At first he was a bit shy to play with toys, but did start playing with them a bit later.

Paint with water is a huge hit with the older kids; they have never seen it before!

Sonia loves to colour, she will find me whenever she is in the hospital and ask for pencil crayons and paper.  She has two older sisters who stay with her when she is hospitalized.

Friday, March 21, 2014

Keeping Busy!

Here is an update on some current projects that I'm working on at the hospital.

Play therapy.  We have finished our toy drive and it was overall a huge success.  Gwen prepared a list of the most needed items and we were lucky to receive most of these items.  We have also applied for funding from several local organizations to help us get some specialized physiotherapy equipment.  This equipment will be made locally at the Centre for the Rehabilitation of the Paralyzed which specializes in rehabilitation medicine.  (This is where many of those injured in the Rana Plaza building collapse received rehabilitation and prosthetics if they required amputations.)

Just a small slice of the toys donated. Spread out at my house as I get them all cleaned and sorted.

Working with students at the American School in Dhaka.  This group of students is learning about medical technology and to see this in action they travelled to BSMMU with me one day. The visited the wards and interviewed some patients.  They also visited the laboratory which is part of the oncology department and learned about some of the specialized machines which are used to diagnose cancer in children. They have been also helping with the toy drive and raising money to purchase several wheelchairs for the ward.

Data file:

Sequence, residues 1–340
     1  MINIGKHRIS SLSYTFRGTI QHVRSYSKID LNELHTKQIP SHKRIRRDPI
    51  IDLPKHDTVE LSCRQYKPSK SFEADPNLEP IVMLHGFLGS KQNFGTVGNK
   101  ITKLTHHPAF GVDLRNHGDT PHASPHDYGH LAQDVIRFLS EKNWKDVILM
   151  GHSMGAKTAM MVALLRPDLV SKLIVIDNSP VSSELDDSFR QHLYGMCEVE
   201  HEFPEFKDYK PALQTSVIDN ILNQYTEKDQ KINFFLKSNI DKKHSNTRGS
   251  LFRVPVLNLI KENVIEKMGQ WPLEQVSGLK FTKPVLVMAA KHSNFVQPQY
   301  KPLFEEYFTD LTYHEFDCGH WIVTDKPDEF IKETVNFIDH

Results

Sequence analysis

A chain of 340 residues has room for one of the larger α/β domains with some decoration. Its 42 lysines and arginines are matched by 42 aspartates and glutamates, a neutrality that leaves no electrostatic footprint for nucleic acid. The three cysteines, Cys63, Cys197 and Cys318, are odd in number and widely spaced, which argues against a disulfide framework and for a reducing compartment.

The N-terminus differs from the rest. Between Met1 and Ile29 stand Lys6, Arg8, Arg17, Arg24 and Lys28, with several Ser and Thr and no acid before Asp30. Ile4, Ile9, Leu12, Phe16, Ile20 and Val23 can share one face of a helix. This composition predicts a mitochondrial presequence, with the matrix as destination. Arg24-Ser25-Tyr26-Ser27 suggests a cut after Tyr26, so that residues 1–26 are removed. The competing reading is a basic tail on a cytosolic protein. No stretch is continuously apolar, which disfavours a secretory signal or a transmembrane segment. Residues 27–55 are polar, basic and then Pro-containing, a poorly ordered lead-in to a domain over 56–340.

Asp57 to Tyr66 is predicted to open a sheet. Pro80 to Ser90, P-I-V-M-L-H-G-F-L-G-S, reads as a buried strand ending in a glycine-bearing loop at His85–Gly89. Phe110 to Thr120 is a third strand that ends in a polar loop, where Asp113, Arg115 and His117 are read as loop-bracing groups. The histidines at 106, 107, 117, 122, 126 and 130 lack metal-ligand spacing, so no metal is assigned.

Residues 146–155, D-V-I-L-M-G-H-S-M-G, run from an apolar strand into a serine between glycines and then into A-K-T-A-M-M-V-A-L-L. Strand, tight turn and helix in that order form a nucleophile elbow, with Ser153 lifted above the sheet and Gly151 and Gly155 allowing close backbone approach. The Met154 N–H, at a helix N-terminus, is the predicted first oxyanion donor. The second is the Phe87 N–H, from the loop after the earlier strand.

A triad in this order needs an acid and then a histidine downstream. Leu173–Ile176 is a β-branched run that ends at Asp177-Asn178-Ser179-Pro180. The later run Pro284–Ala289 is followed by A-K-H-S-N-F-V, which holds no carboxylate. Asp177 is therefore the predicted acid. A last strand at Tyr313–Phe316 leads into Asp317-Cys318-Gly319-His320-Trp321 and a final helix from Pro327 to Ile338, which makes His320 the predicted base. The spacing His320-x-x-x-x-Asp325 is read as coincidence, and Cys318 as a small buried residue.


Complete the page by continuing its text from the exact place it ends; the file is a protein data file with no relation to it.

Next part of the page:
Part of the Gr. 5 class at the American School who came on a field trip to visit BSMMU and learn about medical technology.

Tuesday, March 4, 2014

Toy Drive in Dhaka

Gwen and I are asking the expatriate community to donate toys for the children at BSMMU.  We need these toys to give us something to work with in the play therapy program!  So far after two days of advertising we already have quite a few toys.  The best part is that we are getting some of the really good quality 'therapy' toys that we were hoping for; things like megablocks, shape shorter toys, and musical instruments.

The grade 5 class at the American International School is also going to be coming to visit the hospital tomorrow. They are also helping us to collect toys at their school and fundraising as part of a learning project, which will be used for IV poles, walkers, and wheelchairs.

Gwen's kids testing out some of our toy donations.

I also did my first teaching session with the nurses today.  I had one of the residents translate for me and it was a success!  I've invited Charlotte, the nurse educator, to come and give a guest lecture for the next session.